Most people assume that to be legally separated you must live in separate houses. This is not the case, and there are a variety of legitimate reasons why couples who have decided to separate continue to live in the same residence.
Sometimes it is only for a few days, other times it ends up being for years. It may be for financial reasons, for convenience, or to ensure stability for the children or for cultural or family reasons. Or perhaps, you just want a trial separation. Whatever the reason, it is important to be fully aware of the implications for you and how you can make a difficult situation better for both of you.
What is a legal separation?
A legal separation allows you to separate without getting a divorce or ending a civil partnership. If you are continuing to live at the same address as your former partner, it is not a bad idea to consider applying for a legal separation. In England and Wales, you will need to fill in a separation application and file it with the court. It is important to think carefully about the date of a separation, as this may impact on when a divorce might be granted, or it can affect your financial outcome. It is a good idea, if you are thinking of separating but staying under the same roof, to take legal advice early on.
How will living under the same roof impact my divorce?
If and when you file for divorce, and you can do this while still living at the same address as your former wife, husband or civil partner, you need to state that the marriage has broken down irretrievably. You are also required to have been married for at least one year.
Drawing up a separation agreement
There are lots of practical aspects to living under the same roof while separated that might warrant drafting an agreement. Such an agreement would also be considered part of the evidence that the separation is a matter of fact and is consensual. Although a family court would not be required to make orders on the same terms as the separation agreement, it can be a useful guide if the former spouses wish to deal with certain aspects of their joint life after the divorce. The agreement might cover:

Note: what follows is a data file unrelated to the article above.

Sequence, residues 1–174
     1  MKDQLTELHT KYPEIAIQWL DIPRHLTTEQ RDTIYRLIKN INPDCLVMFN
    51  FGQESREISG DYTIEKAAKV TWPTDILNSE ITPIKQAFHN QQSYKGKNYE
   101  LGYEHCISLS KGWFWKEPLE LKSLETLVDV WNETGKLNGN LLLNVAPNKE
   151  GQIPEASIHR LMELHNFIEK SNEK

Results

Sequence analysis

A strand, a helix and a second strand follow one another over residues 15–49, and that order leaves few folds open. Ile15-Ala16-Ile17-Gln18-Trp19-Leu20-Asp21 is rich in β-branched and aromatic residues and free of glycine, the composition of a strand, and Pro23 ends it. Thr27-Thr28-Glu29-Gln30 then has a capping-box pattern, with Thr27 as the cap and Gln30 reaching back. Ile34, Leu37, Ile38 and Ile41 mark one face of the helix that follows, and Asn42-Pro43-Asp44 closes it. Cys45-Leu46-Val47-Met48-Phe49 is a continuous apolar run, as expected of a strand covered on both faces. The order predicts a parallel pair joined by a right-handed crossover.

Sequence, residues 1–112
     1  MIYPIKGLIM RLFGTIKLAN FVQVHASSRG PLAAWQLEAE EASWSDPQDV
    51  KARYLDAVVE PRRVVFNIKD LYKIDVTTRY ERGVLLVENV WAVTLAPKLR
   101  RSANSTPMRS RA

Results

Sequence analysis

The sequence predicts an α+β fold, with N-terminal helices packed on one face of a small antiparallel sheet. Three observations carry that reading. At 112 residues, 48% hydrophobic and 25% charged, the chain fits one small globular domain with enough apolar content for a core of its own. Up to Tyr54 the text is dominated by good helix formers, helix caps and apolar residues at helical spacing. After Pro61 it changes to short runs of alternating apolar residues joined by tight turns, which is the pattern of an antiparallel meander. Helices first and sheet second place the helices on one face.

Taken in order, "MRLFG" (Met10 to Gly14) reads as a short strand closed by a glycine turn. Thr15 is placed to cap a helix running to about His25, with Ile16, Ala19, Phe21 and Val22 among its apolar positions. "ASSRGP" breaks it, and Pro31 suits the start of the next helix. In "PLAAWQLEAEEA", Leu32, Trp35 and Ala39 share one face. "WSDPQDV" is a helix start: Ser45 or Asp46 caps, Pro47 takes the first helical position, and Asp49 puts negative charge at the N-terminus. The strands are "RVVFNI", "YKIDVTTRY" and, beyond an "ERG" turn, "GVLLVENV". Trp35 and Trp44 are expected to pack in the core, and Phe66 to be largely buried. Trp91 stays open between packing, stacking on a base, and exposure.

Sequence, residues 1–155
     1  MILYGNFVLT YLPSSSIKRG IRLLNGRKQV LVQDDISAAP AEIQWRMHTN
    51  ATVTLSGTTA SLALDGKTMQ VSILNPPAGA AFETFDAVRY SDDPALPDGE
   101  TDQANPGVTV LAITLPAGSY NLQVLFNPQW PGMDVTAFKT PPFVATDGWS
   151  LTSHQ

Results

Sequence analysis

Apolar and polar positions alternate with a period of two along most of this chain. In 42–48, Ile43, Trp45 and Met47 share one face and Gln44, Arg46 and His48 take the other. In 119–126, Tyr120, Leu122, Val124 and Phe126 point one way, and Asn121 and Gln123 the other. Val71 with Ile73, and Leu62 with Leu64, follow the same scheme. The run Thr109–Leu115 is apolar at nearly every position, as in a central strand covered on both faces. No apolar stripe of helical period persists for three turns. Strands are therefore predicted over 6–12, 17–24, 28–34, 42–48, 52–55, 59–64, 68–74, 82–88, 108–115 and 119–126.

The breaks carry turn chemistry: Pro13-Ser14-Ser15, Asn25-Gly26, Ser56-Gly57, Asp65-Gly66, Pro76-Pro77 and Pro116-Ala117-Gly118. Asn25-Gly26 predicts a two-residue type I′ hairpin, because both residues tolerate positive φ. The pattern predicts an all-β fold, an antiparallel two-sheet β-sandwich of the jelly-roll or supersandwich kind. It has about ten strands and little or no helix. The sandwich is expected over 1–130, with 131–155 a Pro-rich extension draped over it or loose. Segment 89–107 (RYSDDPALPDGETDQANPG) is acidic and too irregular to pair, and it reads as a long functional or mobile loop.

- Financial arrangements, including costs associated with the house and garden. Also maintenance payments if that is appropriate, and costs associated with any children.
- Children’s care arrangements including who makes their meals, drives them to activities, takes care of them in the evenings and at weekends.
- Use of the family car, together with arrangements for fuel, maintenance, and insurance. Also, use of other jointly owned items such as boats, caravans, trailers and even pets.
- Friends and family who come to visit or stay, such as new partners, mothers-in-law, etc., or which people your children may go out with or be at home alone with.
Separating from a spouse or partner is often an emotionally difficult time for you and the family. Deciding to remain living at the same location may make the separation easier or make it a lot harder. Thinking through some of the issues separately or together with your former partner will help to make the situation less stressful for everyone involved.
If you or someone you know wants more information or needs help or advice, please contact us on (01904) 217225 or (020) 36332301 or (0161) 3273677 or email [email protected].